PitchBreakfast roundup: Lessons from floss, football and Bluetooth pillows

Floss, football, bitcoin and Bluetooth-enabled pillows.

That was the roster of startups participating in Pitch Breakfast this week, taking advantage of a prime opportunity to practice their pitch in front of an audience of local experts.

They included:

    • Betolio, a mobile app that connects football fans and lets them bet real money with each other.
    • UFloss Inc, the most innovative way to floss all of your teeth at once.
    • McCoy Kreations, maker of the world’s sexiest interactive Bluetooth audio pillow designed for the hospitality industry resorts, cruise lines and spas.
    • Hoard Invest, which makes it incredibly easy for individuals and businesses to buy, sell, trade, spend and store cryptocurrency.

The judges were:

  • Alan Fitzpatrick, CEO of Open Broadband, co-founder of Charlotte Hearts Gigabit and NC Hearts Gigabit and adjunct professor
  • Rob Cummings: private equity MD, entrepreneur, software executive and investor, Falfurrias Capital Partners
  • Daniel Friel: innovator, board advisor and founder, Nikia Dx

Use video

When CJ Mason took the stage along with his co-founders, Sobanna Kern and Renee Cola, he talked about how 80 percent of cavities occur where brushing doesn’t reach. He talked about how your smile is the first thing people see when they look at you. And he talked about how his company was going to make flossing — the process most people hate — faster, easier and more effective.

Their solution involves a $249 join fee, a photo and an app to turn that photo in your UFloss solution. But for some of the judges, it wasn’t entirely clear how technology was going to improve upon the tried and true, store-bought floss.

The suggestion: Use video — in your pitch and on your website.

“Explain how you take the snapshot. Shoot a video of 90 seconds and put in on your website. I think that would go very well,” said Rob Cummings of Falfurrias Capital Partners.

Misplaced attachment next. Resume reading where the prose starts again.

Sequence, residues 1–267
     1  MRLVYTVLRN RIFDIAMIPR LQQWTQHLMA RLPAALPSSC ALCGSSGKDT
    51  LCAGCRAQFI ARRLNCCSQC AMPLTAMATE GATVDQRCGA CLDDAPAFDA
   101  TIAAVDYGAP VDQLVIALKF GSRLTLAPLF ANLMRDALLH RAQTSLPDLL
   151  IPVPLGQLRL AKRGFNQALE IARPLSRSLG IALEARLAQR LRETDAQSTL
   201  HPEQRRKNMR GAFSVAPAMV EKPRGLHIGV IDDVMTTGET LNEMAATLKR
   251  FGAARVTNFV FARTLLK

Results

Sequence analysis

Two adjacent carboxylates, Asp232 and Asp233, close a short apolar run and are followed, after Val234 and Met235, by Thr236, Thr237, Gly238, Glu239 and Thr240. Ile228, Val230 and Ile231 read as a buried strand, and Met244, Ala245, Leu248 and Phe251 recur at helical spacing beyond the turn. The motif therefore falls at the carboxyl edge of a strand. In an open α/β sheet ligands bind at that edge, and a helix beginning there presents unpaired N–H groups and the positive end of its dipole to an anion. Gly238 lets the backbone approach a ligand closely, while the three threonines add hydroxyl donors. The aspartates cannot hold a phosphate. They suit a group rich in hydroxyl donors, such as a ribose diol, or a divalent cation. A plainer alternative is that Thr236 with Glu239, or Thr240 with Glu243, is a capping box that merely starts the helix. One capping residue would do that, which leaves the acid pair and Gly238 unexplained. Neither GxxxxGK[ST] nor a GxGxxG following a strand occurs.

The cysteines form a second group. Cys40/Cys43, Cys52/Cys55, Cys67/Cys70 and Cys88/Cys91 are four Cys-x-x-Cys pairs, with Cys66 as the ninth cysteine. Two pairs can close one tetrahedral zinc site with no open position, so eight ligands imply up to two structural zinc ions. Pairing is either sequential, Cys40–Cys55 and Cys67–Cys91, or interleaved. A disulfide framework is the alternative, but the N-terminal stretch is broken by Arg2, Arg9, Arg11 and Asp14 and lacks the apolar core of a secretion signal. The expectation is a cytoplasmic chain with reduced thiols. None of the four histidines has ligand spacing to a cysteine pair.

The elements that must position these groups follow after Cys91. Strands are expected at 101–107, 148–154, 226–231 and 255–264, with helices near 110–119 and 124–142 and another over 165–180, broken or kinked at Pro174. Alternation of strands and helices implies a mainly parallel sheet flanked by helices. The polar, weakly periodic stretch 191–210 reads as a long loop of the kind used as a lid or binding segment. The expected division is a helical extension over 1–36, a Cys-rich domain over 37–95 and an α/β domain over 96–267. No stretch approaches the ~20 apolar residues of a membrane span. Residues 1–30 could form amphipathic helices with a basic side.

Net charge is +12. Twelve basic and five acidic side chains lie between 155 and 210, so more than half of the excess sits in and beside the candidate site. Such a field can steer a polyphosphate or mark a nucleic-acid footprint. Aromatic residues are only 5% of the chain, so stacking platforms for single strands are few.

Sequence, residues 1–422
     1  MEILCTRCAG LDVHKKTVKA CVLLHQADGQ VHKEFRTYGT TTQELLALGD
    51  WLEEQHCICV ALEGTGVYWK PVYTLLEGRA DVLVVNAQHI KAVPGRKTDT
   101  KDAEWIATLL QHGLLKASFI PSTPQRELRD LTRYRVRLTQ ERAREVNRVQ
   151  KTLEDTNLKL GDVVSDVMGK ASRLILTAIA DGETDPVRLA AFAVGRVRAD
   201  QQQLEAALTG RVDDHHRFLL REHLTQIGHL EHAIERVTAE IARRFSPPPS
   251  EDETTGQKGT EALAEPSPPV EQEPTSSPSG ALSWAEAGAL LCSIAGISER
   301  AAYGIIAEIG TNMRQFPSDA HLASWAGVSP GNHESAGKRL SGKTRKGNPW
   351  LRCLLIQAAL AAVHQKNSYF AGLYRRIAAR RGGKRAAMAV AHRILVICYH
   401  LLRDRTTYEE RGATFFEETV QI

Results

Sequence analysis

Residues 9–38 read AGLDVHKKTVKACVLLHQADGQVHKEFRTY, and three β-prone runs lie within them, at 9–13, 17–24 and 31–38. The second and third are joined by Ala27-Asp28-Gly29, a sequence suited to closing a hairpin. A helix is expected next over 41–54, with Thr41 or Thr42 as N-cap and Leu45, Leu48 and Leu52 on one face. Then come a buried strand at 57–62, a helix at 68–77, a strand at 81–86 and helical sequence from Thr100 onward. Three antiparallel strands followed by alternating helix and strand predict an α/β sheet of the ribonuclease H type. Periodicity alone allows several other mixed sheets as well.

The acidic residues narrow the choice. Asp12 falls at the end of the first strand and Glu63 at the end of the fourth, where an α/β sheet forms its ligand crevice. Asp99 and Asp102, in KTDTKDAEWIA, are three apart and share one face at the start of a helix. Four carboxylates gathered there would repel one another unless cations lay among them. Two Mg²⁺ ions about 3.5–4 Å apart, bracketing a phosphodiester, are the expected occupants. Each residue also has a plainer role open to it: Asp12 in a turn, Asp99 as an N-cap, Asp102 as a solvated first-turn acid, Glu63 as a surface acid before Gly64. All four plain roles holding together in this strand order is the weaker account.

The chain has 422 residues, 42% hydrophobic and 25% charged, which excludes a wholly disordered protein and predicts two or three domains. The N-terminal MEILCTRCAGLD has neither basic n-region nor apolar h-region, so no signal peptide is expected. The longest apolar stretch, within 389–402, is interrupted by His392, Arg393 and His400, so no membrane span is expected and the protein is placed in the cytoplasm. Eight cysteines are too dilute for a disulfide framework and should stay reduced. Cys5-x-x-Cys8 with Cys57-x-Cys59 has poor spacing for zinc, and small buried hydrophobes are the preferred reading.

Tell stories — but know when to stop

Shelton McCoy created the world’s first Bluetooth pillow after a personal awakening.

He heard about the possible cancer risk associated with keeping your cell phone glued to your ear, and then he walked into his daughter’s room one night, only to find her with a cell phone wrapped to her head so she could talk hands free.

Since then, he’s secured a patent, appeared on Good Morning America and started selling his pillows to bigwigs in the hospitality industry: Hilton and Carnival Cruises.

“You will be able to see a decorative pillow, order food with your pillow, talk to your pillow,” McCoy said.

Cummings is a big believer in the power of stories to sell a product and a business, but in the case of McCoy and his Bluetooth pillows, the story may have upstaged some of the more important points.

“I love storytelling and you started your pitch with storytelling, but you went a little long. So what happened is you missed a couple key points: You missed your team. You missed product differentiation. I wasn’t sure the problem you were solving until the end,” Cummings said.

Justify high price points

Back to UFloss — when Mason pitched the product, he was upfront about the price point: It was high.

The cost comes in at $249 to join, and $19 per month after the fact.

That was hard to swallow for Daniel Friel, of Nikia Dx.

“My initial reaction on the pricing: I can go into CVS and get floss for a couple dollars,” Friel said. “I was concerned about how you get customer adoption.”

It’s not necessarily a call to drop your prices; you just have to justify them.

Check out the next PitchBreakfast on March 14 at Packard Place!